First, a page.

Today is Feb. 14. You know what that means, right? Yes, it's Ferris Wheel Day. And the eve of National Gumdrop Day. And just two days until Do a Grouch a Favor Day. Speaking of which, it's also Valentine's Day, and if you've been distracted by other celebrations and find yourself still looking for a last-minute gift, allow us to offer a couple ideas from the heart that are also heart-healthy. Don't worry. It's not kale candies and a fish oil martini. No, these are two things you might already associate with the holiday: wine and chocolate.
Specifically, red wine and dark chocolate. Why? Because, according to a timely post on the Mayo Clinic News Network, red wine and dark chocolate may not only be the way to your loved one's heart, they also hold benefits for their hearts, when consumed in moderation.
"We do know that real dark chocolate has some protective effects on the heart and that it's not harmful," Mayo Clinic cardiologist Carolyn Landolfo, M.D., says in the Mayo Clinic Minute segment.
In regards to red wine, fellow cardiologist Amy Pollak, M.D., says that "a small amount of alcohol, in particular the antioxidants and the flavonoids associated with red wine, can be very heart healthy." She goes on to say that — again, in moderation — both red wine (one glass for women and up to two glasses for men) and dark chocolate can be a great, long-term way to keep our hearts happy, healthy and full of love. "I think you can have the doctor's stamp of approval to have a small piece of chocolate and a glass of red wine on Valentine's Day to celebrate heart health and love," Dr. Pollak says.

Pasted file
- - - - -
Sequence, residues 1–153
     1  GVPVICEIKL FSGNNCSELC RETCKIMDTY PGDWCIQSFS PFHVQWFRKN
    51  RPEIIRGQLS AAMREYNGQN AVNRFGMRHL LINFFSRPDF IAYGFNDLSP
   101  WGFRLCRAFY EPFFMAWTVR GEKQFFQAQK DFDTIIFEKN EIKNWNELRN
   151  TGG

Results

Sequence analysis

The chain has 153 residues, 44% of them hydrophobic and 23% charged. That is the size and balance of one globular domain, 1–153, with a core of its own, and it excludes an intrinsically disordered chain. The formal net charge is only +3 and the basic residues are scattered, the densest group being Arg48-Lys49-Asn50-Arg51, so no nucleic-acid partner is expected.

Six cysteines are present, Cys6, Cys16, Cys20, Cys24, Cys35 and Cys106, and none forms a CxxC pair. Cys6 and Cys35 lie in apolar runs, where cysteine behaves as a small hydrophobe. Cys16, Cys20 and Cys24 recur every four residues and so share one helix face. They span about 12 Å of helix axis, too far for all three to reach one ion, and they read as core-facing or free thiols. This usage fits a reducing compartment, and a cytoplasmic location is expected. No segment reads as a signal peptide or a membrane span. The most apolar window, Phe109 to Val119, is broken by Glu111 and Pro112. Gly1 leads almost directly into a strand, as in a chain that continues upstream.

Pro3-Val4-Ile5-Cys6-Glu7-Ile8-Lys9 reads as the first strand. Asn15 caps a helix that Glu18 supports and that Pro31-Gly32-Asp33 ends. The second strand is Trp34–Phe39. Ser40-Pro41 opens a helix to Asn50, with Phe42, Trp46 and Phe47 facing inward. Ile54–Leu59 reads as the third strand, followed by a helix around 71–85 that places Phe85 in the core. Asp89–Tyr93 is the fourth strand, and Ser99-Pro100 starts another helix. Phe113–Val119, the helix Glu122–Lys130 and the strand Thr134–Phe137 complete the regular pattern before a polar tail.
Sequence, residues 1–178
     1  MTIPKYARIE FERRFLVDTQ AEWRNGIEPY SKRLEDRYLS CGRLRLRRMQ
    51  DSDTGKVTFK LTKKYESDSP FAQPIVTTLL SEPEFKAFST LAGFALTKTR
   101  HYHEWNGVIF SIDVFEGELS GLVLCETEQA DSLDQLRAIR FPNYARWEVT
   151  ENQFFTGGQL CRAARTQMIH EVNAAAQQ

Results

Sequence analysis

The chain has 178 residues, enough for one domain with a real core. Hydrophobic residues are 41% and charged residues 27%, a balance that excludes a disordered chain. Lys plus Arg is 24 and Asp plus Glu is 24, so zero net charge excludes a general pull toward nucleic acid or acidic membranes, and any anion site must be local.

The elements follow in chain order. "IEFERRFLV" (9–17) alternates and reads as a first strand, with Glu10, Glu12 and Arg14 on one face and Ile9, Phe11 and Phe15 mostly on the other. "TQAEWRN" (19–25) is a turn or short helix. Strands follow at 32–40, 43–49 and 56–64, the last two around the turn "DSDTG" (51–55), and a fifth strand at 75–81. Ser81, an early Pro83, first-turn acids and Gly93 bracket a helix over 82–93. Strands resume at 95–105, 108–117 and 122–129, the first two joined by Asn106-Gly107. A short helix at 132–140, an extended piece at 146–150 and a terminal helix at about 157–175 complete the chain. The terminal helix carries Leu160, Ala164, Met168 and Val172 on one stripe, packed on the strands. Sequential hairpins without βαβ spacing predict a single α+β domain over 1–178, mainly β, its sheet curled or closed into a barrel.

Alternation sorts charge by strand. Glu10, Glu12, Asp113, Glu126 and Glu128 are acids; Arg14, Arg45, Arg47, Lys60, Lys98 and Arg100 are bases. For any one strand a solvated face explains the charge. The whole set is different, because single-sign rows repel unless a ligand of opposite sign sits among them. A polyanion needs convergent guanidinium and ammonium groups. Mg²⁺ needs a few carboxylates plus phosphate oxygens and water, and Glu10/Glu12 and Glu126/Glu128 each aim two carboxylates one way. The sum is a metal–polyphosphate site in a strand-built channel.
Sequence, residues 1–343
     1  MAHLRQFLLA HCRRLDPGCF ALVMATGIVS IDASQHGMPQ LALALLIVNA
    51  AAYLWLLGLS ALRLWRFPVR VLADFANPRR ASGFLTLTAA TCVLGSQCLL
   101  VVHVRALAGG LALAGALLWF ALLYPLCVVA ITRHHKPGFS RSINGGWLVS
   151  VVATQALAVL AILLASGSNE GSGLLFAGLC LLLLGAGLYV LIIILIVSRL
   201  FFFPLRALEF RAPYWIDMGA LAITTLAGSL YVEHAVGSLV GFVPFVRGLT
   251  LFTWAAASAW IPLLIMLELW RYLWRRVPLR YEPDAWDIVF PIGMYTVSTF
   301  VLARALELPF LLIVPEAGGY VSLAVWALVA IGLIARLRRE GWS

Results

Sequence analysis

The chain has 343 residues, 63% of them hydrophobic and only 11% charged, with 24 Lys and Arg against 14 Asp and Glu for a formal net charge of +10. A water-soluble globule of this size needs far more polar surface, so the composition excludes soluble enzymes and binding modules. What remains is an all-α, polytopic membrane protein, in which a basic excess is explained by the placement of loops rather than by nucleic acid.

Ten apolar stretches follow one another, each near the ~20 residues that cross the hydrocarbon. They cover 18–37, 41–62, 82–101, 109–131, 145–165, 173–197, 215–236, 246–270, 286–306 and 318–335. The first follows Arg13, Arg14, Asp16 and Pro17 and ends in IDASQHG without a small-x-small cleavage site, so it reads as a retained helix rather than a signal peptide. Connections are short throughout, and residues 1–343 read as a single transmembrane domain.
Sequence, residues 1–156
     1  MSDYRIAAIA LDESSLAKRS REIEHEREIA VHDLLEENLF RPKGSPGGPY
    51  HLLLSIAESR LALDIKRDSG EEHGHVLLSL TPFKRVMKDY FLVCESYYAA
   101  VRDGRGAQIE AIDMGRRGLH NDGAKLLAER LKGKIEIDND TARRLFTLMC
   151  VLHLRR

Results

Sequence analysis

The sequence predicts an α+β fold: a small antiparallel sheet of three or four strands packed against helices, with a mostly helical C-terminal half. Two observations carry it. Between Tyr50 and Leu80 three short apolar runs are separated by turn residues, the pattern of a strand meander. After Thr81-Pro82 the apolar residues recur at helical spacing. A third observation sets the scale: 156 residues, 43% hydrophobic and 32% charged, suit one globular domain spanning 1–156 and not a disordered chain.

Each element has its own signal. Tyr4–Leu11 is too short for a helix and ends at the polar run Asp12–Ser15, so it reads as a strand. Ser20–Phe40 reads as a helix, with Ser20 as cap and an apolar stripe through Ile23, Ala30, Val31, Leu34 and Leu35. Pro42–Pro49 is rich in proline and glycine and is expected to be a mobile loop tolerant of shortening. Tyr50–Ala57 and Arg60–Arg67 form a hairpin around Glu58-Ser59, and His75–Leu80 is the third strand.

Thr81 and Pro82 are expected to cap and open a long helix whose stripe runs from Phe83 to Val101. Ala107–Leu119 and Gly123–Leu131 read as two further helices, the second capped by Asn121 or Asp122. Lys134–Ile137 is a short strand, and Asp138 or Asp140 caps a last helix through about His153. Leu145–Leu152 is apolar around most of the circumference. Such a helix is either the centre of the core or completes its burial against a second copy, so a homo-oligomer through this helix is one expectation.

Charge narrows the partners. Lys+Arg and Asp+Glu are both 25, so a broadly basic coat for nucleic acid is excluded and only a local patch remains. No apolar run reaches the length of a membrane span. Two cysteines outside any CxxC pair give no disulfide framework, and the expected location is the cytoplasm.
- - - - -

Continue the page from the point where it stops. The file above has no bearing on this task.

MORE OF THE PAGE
And if your own heart is in need of a boost this Valentine's Day, or if you're looking for an option that doesn't require you to speed shop at the 11th hour again (ahem, Cory), you can give loved ones in your life the gift of your gratitude. Consider the always-in-season advice in the "5-3-2 Plan," developed by Mayo's Amit Sood, M.D.
The plan was developed "after years of research and practice," Dr. Sood says. And it includes three simple exercises that, when "consistently practiced," can "transform our lives and relationships." The way it works, he says, is to always let your first thought of the day be one of gratitude — "for five people in your life you are grateful for." Then, the next time you see or meet someone in your family, spend the first three minutes of that meeting treating them like "a long-lost friend" while resolving "to not improve or judge anyone." Finally, for the first two seconds that you see another person, go ahead and mentally send them "a silent, 'I wish you well.'"
And that, to us, is solid, heart-healthy advice for any day of the year.
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